From US Supreme  Court Justice Sotomayor's dissent, IN FAVOR OF BUCK: “In this case, first on direct examination by the defense, Dr. Quijano merely identified race as one statistical factor and pointed out that African-Americans were over represented in the criminal justice system; he did not state a causal relationship, nor did he link this statistic to Buck as an individual”   In fact, the opposite occurred. Dr. Quijano's testimony was about Buck's reduced risk of future danger.
The alleged racist component from the trial never existed.   Sotomayor attempted to create a racism based claim, by taking a prosecutor's inference out of context, an inference which never stated that Buck was at future danger based upon race, as Dr. Quijano stated that Buck was at reduced risk of re offending and never stated that Buck had an elevated risk because of race.
"Moreover, the prosecutor did not revisit the race-related testimony in closing or ask the jury to find future dangerousness based on Buck’s race." (2).   Even Texas Court Of Criminal Appeals (TCCA) Justice Alcala  (3) , who dissented, IN FAVOR OF Buck, recognized Sotomayor's obvious error:
Alcala writes: "As to (Buck's) second claim (based upon racism) , I conclude that (Buck) has failed to make out a prima facie case for discriminatory intent in the prosecution's decision to seek the death penalty in his case." (3).  "intent".
Alcala thought this such  a minor issue that she didn't even bother to respond to the claim in the body of her opinion, but only in a footnote (3).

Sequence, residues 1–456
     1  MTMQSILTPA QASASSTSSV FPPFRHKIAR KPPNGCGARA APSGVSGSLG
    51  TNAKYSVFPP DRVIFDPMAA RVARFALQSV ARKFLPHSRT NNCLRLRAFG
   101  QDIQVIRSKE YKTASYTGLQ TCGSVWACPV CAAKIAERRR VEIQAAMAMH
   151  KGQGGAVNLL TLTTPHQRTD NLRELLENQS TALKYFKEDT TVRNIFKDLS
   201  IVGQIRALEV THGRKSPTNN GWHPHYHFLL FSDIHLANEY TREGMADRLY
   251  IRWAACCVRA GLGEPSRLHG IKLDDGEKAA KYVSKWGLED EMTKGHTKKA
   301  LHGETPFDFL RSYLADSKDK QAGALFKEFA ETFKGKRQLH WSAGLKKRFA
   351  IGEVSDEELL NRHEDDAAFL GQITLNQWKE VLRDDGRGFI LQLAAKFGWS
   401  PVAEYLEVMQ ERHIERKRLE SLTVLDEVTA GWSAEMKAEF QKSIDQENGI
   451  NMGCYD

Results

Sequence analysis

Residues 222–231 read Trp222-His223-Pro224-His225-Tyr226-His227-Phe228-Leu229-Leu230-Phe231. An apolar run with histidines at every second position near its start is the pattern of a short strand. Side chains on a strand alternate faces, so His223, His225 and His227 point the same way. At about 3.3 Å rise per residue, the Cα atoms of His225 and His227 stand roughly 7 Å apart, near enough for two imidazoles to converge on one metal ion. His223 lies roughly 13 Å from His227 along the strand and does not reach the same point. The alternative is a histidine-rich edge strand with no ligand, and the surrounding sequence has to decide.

That is how untruthful Buck supporters have been.   Death Penalty opponents fabricated a dishonest claim of racism. Despicable but  nothing new (1, 5 & 6).
balance at


"I've always had supported the death penalty, but I don't support the death penalty for people who are not properly tried and convicted," White stated '

Well he was properly tried and convicted as the statement in question was during sentencing. I'll bet the jury never even heard the black comment because they were so in shock at his actions he had committed. 

If someone wants to put a few more thousand dollars in some lawyers pocket before he's sentenced to death again, I'm okay with that. But just the sentencing part. Not another whole trial.


Look at Colorado's 'Death Row' . It's ALL dark in there ....


Give him a new hearing and execute Quijano in his place.


Walter Quijano, is probably predisposed against Blacks because he is Latino; if you follow his bullshit logic.


Why is Buck here? 

I agree his sentencing was questionable, but look at the background on this case. 

"He admits that he, and he alone, broke into his ex-girlfriend’s home on the night of July 30, 1995. Once inside, the first person he encountered was his own step-sister. So he shot her in the chest. Then he shot and killed Butler, a friend of Gardner’s. He then hunted down Gardner, who had fled outside. Gardner tried to stop a passing motorist but was shot as she begged for her life. Gardner’s young daughter watched the murder of her mother, begging Buck not to kill her mom. He didn’t care, and murdered her anyway."


When John "I'll Walk Over Your Dead Body For A Come-Up" Cornyn says you need to review a case, really, God has sent you the Burning Bush and the Crazed Holy Man to tell you review the case.